An entity that controls a platform that only provides a forum where sellers and buyers may post bids and offers or, a forum where the parties trade in a separate platform or in a peer-to-peer manner will be exempted from the requirement to obtain a license from the Cayman Islands Monetary Authority ("CIMA") under VASPA. This kind of platform controlling entity could be formed using any one of the previously described legal forms, but most commonly would use an exempted limited company.

Decentralised Autonomous Organisations (“DAO”)

Combining the limited liability protections of a corporate entity with the flexibility of a trust, the Cayman foundation company provides Web3 DAO projects with a very user-friendly option. Foundation companies, unlike trusts or partnerships, have separate legal personality, can hold assets, assume obligations, sue, and be sued. However, a key distinction of a foundation company is that it can be structured without shareholders, and so does not have a clear “owner”. In place of shareholders, the foundation company can be supervised by a supervisor (or even multiple supervisors if desired). A supervisor has no ownership or economic entitlement in the foundation company but simply acts as a steward, ensuring that the directors of the foundation company observe their obligations to the DAO pursuant to the foundation company's governing documents. Therefore, with no shareholders, all the officers of a foundation company simply have the objectives of the DAO as their priority – similar to trustees and enforcers carrying out the objectives of a trust.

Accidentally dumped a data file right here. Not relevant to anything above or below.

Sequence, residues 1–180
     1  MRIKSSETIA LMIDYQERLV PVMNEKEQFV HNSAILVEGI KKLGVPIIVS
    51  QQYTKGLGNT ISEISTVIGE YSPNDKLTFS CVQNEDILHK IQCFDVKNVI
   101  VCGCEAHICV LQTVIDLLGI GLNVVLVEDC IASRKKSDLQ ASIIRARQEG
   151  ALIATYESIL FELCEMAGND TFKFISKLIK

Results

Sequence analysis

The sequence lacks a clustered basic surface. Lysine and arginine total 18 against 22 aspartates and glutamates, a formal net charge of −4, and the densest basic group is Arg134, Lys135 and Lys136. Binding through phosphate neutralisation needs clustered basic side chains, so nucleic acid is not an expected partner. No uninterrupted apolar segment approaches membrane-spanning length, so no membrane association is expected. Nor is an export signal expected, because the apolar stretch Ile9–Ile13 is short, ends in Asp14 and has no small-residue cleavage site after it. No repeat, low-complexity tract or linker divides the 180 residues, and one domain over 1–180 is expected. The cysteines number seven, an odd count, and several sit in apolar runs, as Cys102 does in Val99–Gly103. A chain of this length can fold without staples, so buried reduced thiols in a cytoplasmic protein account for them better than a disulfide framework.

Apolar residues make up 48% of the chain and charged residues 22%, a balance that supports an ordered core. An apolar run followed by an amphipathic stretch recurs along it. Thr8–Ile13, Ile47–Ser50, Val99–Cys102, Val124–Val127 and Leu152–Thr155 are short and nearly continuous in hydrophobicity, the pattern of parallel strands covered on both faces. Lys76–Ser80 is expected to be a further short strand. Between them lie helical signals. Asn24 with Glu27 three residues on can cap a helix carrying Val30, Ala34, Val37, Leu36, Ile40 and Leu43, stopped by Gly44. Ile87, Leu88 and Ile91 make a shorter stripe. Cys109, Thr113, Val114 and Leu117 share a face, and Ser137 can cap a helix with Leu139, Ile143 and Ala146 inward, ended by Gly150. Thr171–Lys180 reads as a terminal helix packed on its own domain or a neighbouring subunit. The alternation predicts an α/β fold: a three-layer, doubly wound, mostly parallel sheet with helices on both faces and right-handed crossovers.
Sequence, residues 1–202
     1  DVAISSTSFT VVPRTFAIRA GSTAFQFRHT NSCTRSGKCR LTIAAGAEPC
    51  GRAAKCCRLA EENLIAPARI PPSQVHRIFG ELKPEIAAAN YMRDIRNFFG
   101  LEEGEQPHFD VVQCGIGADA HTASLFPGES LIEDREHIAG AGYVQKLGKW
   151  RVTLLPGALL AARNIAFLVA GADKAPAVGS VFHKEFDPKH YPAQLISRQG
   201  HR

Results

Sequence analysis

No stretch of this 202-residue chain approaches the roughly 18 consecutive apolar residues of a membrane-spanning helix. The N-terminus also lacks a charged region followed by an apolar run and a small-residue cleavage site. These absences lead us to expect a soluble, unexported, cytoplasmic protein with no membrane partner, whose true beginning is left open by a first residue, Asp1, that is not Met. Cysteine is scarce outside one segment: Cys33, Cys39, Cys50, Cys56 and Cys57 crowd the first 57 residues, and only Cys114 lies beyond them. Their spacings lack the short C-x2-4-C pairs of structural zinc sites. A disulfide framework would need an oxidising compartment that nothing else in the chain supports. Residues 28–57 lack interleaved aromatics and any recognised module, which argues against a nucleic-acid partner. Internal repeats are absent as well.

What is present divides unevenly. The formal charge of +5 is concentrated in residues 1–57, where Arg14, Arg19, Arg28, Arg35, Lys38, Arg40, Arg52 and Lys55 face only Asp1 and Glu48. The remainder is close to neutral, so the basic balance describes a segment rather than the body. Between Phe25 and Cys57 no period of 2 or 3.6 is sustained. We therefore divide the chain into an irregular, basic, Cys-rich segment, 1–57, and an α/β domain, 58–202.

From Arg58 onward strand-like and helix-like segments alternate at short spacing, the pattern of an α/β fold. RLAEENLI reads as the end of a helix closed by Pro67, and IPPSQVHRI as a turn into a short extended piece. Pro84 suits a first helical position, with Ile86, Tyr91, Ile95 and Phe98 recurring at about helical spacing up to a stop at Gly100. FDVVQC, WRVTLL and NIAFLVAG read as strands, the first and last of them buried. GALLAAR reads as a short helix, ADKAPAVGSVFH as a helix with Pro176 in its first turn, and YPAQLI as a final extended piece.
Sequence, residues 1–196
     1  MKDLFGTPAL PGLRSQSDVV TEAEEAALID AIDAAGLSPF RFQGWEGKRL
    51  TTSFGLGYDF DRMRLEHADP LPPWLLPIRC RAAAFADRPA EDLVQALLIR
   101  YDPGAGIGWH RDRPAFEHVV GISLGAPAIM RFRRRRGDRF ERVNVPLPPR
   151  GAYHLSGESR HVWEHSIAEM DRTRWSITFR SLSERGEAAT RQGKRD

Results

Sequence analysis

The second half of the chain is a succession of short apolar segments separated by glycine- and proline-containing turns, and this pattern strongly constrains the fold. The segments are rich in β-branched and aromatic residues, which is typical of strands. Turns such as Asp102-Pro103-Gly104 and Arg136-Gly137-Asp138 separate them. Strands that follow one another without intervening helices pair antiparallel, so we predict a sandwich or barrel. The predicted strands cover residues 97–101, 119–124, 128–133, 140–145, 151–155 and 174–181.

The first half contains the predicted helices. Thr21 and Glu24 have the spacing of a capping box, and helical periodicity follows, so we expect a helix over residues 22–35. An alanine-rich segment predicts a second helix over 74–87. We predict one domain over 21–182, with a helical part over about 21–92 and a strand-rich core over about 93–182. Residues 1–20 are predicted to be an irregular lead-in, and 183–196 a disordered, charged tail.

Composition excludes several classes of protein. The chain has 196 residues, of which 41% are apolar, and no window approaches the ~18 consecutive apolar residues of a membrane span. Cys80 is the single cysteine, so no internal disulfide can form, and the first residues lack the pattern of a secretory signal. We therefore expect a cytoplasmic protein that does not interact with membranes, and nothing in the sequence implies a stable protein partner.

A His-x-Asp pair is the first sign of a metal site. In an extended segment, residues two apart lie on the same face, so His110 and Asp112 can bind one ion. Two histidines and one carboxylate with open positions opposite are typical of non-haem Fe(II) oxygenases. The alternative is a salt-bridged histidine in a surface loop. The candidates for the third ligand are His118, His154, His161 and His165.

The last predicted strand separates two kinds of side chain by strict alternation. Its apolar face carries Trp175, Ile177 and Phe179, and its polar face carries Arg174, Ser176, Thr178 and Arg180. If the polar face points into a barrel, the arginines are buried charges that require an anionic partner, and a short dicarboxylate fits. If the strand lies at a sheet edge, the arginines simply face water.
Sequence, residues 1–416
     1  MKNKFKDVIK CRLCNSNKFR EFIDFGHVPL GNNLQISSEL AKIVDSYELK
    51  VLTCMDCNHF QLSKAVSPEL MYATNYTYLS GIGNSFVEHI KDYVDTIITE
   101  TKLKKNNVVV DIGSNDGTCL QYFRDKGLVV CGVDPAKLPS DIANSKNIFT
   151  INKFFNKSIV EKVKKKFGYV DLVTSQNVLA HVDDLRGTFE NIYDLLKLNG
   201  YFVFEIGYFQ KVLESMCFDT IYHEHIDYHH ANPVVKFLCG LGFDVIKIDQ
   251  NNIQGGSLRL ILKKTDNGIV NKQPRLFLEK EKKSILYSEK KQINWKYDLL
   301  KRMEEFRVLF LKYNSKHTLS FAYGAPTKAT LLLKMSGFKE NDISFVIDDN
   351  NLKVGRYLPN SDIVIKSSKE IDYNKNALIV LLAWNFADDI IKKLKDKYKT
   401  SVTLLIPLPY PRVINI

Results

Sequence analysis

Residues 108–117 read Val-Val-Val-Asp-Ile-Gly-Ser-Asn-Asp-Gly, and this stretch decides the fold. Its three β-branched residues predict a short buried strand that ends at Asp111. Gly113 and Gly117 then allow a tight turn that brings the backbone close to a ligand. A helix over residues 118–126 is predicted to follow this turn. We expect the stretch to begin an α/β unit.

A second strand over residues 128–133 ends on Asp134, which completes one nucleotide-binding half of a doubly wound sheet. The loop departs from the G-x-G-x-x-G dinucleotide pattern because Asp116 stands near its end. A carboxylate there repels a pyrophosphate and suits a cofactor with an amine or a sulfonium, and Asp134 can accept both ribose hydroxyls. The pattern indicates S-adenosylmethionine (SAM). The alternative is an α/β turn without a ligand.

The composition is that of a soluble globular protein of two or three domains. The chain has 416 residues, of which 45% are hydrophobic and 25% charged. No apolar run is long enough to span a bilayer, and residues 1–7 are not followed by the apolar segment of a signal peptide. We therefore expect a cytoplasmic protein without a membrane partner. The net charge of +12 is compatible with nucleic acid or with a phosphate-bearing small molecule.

For Web3 projects looking to issue virtual assets privately, the foundation company is also able to represent the DAO. The VASP Act only regulates the sale of virtual assets to the public. Private sales which are not advertised, and made available to a limited number of persons who are each selected prior to the sale by way of a private agreement, may fall outside of scope. Furthermore, as the definition is limited to sales for consideration, airdrops and bonus issues should also be excluded.

Where the DAO wishes to carry on VASP activities, one alternative is to create a wholly owned subsidiary of the foundation company in a virtual asset-friendly jurisdiction. The Cayman foundation company will then procure the subsidiary to carry on whichever activities it cannot perform from the Cayman Islands. Whilst this structure is more complex it allows projects to take full advantage of the benefits of the foundation company vehicle in a way that ensures compliance with the VASP Act.

Special Economic Zone (SEZ)

The creation of Cayman Tech City, also known as Technology City Cayman Islands in the SEZ allows a tax neutral environment for technology companies looking to expand in the Cayman Islands. Using Cayman Tech City and the benefits of the SEZ, companies can quickly and cost-effectively establish a genuine physical presence offshore with staffed offices within the special economic zone. See here for more information on  Cayman Special Econiomc Zone Companies.

Decentralised Finance (DeFi)

The Cayman Islands has long been a jurisdiction of choice for a variety of financial products and its flexible regulatory environment makes it ideal to use the exempted company or foundations to accommodate the latest shift towards a variety of DeFi products.  For DeFi projects the foundation company can provide a legal ‘wrapper’ with corporate personality. In this role the foundation company can undertake many of the real-world activities required by the DeFi project.